Fall 2012

Table of Contents - Vol. VIII, No. 3


Poetry    Fiction    Translations    Reviews   

Barrett Warner


Karen Lillis, Watch the Doors as They Close, ISBN 978-0923389871, Spuyten Duyvil, 2012, 100 pages, $10.00.

In most bookstores a big fat spine—not its cover—sells a book off the rack. In the electric marketplace books with anorexic spines have experienced a renaissance. The return of the chapbook and the novella reward the reader with exhilarating fast tempo literature. One page promptly informs the next and builds a tumultuous crescendo. Karen Lillis’ novella Watch the Doors as They Close is a fantastic nail-biting, lip-chewing read. It’s a love story full of smashed hearts, cursed knowledge, life’s chaos and nostalgia, and an ominous political back story. The mood is dark. You’ll need a flashlight as you feel your way around this story of a Brooklyn bookstore clerk’s relationship with Anselm, an Appalachian savant who descends from suicides, coal mine accidents, farm work and opera.
Lillis’ narrator has already written a novel while Anselm is a composer who concentrates “on hearing the noises in his head and writing them down.” His head. “Sometimes when he was thinking out loud his fingers started playing piano keys that weren’t there.” Anselm is deaf in one ear and mostly deaf in the other. He has little interest in hearing music or playing it. For him the search for truth and beauty is a process of inventing patterns. Not surprisingly, Anselm’s former girlfriend is a member of Mensa and “programs databases for a living.” These early notes clue the reader into an important subtext for Lillis—the head, knowledge, awareness, consciousness—and how little any of it matters to true emotion, to “heart energy.” Thinking versus feeling affects the narrator’s ability to cope with such a grand prospect as love. She struggles to understand an irrational idea, a genuine feeling, something that may have happened as if love and imagination were a lot closer to heart energy than geometry.
The narrator uses hedging tones throughout her tale of woe: “I’m not actually positive…I’ve just put it together from context clues,” “This, I believe,” “If I remember,” and “I didn’t even know enough to know what questions to ask.” Her role reminds me of Joseph Conrad novels, where a man of great seasoning narrates a tragic story of youth, except that in Doors the speaker and the protagonist are the same person. Lillis presents her novella, the story of a six month romance, in the form of journal entries or letters to herself over a seventeen day period so that it feels like memoir and epistolary novel together. This is where the epic poem meets the quotidian.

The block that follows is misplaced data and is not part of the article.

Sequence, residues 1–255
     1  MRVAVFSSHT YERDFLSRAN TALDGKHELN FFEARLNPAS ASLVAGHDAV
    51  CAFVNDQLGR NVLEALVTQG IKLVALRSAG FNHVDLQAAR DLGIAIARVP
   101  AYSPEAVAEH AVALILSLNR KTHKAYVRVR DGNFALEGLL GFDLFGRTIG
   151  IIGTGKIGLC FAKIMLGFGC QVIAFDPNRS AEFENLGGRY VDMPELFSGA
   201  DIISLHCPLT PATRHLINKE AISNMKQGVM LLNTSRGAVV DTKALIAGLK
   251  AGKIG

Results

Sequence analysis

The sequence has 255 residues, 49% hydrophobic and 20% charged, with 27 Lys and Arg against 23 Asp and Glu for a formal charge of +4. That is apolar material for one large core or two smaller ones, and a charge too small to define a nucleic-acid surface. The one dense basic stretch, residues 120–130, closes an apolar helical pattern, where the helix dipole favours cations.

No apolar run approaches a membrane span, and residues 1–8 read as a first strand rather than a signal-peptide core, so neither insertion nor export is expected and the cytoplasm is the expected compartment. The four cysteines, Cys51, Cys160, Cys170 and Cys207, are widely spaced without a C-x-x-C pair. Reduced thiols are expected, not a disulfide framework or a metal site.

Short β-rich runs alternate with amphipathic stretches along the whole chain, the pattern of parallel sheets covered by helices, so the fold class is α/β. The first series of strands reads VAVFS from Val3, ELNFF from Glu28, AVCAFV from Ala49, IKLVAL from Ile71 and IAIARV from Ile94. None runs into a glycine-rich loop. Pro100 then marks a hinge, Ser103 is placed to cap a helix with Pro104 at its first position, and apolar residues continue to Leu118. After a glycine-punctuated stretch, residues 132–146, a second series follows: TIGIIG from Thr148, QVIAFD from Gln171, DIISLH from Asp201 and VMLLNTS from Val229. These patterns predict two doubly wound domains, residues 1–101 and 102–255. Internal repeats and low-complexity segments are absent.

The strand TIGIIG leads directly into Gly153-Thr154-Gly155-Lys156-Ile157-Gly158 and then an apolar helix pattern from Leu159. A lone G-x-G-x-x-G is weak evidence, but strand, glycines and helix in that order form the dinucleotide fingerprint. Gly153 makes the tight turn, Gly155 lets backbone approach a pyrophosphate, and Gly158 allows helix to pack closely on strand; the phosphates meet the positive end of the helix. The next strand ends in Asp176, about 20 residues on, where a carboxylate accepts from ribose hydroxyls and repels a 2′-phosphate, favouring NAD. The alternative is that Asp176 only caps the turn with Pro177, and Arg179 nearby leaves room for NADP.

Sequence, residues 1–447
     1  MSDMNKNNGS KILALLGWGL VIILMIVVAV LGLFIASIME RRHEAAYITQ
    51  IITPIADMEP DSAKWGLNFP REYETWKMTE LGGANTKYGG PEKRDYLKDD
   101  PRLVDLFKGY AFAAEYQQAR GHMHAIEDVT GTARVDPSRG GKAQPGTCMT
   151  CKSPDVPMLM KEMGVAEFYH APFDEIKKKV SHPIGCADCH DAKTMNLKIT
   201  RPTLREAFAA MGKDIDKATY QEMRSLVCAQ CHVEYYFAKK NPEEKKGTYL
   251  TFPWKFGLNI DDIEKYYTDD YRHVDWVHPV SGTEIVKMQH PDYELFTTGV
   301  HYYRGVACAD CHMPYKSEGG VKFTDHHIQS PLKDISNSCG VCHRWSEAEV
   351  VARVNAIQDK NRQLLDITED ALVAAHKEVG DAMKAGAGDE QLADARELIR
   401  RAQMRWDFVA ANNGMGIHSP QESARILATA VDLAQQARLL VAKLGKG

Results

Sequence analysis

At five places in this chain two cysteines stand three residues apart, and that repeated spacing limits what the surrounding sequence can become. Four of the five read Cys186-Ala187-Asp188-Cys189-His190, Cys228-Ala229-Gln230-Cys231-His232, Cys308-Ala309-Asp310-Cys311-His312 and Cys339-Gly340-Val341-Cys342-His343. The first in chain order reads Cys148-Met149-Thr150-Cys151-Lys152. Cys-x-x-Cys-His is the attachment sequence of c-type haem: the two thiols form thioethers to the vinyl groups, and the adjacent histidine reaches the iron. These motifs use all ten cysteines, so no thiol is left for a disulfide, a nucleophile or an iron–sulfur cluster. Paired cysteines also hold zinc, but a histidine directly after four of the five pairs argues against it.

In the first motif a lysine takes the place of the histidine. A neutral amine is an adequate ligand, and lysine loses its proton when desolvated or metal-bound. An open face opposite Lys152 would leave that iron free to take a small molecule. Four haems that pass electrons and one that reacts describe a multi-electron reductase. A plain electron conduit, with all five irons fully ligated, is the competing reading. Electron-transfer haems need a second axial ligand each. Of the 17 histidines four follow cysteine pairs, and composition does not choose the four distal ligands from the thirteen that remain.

Lillis’ Anselm is a chameleon, disguised by time of day, good space, and “bad space.” He’s desperate to cover up a past which he cannot escape while at the same instant he idealizes his origins. His mountain mama home life, his school days at Oberlin, his project for a song in New York—these environments become his moral compass for periods of time but his true north always has two fingers crossed behind its back. Something simple such as having an egg with his lover is impossible. He cannot eat eggs because they remind him of slaughtered animals lying around where he grew up. He can’t go to baby showers because babies make him think of eggs.
The reader sees past this deception while being charmed by its cleverness. The real truth is that if his lover wants to go anywhere he won’t want to go. That would make it feel like a date. It’s his way of controlling every scene and manipulating her guilt for dessert. And yet, for all of this, he loves. And the narrator loves. Until here we are, the narrator “fully committed to the thought of him” and we’re only on page thirteen.
Reading this book I felt the wind right on my face. My advice is to wear gloves; heat is coming off each page. Lillis writes: “Anselm was good at promises. I was good at hoping for the future, hoping and waiting for his promises to come true.” Her narrative style mixes abstract memory and desire with hyper-realism. She records each new slant of a phone call, or an evening, but without repeating herself. The narrator’s sense of time is associative, not transitive so that her story doesn’t move across the calendar but instead hovers around clusters of feelings set against the back story of a nation declaring a war on emotion, terror. The action is conveyed by discovery, and Lillis is careful enough to leave us new wonders at every bend. Our only chance to breathe is the half-second needed to turn the page.